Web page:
In light of this, the somewhat regular appearance of Troglodytes in inscriptions from the temple of Pan is quite notable. In all cases below, the person or group who is making the journey across the eastern desert dedicates something to Pan and this is expressed in terms of being rescued “from the land of the Troglodytes” or simply “from the Troglodytes” or from some other people, including the sub-group of Kolobians (but see also the one case of rescue from Sabaians, an Arabian people). It is not entirely clear whether the references are intended to literally refer to the dedicator’s (or dedicators’) fears of actually encountering specific savage and dangerous peoples, or whether the phrase is more along the lines of a metaphorical statement that one is rescued from all that is uncivilized about the desert (with Troglodytes being a catchphrase). The fact that more than one people is evoked in such settings suggests that real, localized people are in view, rather than a generalized “barbarian.” Either way, stereotypes about the dangerous and uncivilized Cave-dwellers or ideas about them are evidently playing a role in the day-to-day life of regular merchants, soldiers, and other travellers from various parts. It is noteworthy that the longest text below is, in fact, graffiti (no. 8).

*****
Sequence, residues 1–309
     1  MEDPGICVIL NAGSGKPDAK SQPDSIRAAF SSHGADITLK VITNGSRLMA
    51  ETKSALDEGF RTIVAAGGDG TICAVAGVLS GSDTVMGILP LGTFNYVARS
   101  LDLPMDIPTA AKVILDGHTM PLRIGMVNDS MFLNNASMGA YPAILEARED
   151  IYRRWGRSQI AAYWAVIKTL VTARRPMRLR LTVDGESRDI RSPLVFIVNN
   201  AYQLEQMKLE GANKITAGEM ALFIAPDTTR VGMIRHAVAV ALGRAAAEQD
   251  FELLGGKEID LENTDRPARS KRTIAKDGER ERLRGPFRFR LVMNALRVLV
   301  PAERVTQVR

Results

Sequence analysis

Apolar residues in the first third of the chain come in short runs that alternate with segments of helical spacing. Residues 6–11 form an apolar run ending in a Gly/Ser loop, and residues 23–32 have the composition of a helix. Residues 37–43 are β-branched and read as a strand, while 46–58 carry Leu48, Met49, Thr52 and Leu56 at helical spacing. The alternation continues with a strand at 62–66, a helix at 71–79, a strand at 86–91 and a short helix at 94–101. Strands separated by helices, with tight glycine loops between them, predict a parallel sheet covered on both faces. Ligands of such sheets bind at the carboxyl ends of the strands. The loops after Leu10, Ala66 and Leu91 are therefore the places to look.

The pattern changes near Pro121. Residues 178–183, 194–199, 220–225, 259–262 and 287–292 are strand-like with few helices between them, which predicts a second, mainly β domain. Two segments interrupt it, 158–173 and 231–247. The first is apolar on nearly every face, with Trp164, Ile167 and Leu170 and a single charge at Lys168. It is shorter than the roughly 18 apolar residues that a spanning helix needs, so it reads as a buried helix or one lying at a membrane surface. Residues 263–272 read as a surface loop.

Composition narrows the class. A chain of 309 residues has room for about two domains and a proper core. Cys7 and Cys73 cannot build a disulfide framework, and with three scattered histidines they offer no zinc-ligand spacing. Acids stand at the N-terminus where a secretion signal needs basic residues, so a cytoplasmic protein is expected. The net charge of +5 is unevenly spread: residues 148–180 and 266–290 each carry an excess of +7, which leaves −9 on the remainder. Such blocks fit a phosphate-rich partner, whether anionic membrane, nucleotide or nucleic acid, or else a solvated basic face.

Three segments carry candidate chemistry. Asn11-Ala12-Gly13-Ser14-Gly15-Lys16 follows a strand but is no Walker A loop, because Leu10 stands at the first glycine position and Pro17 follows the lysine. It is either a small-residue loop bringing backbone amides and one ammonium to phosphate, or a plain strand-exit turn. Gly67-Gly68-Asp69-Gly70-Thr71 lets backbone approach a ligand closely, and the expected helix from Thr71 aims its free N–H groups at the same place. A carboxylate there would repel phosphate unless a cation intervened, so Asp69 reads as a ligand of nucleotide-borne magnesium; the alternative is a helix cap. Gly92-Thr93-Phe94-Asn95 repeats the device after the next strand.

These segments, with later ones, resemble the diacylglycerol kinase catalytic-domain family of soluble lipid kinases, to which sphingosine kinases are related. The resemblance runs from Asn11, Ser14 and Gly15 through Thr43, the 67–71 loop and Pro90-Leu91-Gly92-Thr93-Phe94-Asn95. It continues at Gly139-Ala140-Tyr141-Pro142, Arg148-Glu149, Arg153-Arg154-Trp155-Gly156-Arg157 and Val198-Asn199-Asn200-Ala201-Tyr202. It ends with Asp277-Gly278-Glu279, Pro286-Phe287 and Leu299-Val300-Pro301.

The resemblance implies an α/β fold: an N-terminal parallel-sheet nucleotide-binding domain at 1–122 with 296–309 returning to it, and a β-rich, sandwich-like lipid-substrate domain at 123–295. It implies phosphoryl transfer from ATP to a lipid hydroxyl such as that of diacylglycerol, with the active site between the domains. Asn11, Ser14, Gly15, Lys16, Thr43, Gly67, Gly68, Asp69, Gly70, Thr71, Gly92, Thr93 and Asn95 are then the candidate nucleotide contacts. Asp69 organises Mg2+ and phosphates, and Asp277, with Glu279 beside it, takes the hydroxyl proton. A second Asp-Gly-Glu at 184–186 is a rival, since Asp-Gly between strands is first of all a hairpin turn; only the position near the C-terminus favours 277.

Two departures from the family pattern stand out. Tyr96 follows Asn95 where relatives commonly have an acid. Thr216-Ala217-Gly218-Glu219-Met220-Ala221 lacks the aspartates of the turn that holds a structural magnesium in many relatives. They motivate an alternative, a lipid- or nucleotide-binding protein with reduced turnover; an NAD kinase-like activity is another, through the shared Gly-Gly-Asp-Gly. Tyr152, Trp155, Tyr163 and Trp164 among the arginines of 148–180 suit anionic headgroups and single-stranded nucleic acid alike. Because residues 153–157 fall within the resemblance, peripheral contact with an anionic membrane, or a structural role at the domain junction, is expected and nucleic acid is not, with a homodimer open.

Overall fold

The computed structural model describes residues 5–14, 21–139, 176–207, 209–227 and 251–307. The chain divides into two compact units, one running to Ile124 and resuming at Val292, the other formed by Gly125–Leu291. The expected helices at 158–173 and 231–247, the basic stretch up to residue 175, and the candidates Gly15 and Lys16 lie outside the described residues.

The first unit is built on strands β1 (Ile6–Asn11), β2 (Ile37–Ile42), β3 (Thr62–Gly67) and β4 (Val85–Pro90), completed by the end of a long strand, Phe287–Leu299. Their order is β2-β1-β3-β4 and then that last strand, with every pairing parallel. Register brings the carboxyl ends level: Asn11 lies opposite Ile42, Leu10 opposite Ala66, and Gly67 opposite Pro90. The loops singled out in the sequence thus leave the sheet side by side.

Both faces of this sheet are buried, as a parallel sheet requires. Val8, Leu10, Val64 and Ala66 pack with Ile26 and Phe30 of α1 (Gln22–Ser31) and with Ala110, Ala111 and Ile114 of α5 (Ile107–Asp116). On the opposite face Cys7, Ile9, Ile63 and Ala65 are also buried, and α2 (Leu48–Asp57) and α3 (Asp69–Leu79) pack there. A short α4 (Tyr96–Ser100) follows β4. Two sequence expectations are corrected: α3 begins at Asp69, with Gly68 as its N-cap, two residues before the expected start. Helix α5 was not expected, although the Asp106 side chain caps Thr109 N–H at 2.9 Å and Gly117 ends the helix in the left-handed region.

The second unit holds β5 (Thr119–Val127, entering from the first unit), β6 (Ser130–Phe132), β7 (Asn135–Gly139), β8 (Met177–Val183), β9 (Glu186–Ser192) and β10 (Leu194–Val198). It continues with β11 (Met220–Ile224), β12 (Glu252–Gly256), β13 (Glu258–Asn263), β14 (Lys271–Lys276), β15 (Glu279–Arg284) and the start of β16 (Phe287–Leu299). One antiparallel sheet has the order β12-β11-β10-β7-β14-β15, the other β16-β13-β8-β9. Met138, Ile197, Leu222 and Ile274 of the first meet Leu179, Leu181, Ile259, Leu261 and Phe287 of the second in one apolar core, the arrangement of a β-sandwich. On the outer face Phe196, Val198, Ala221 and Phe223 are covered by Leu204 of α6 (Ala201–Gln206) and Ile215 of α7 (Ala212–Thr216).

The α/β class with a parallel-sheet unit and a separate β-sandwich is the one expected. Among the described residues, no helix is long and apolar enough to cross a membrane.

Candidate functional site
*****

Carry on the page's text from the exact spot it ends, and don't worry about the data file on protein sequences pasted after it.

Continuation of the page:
Works consulted: R. Mairs, “Egyptian ‘Inscriptions’ and Greek  ‘Graffiti’ at El Kanais in the  Egyptian Eastern Desert,” in Ancient Graffiti in Context, ed. Jennifer Baird and Claire Taylor (New York: Routledge, 2010), 153–64 (link).


no. 2, inscription from the Hellenistic era, from the forecourt or portico of the temple (link)

Pan of the good journey (Euodos). Zenodotos son of Glaukos has offered this . . . honour (?) . . . to you, having been rescued from the land of the Sabaians (Sabaioi).

Εὔοδε Πάν, σοὶ τόνδε παῖς | Γλαύκου πόρ[ε κόσ]μ̣ον / | Ζηνόδοτος, σ[ω]θεὶς | γῆς ἀπὸ τῆς <Σ>αβαίων.

no. 3, inscription from the Hellenistic era (link)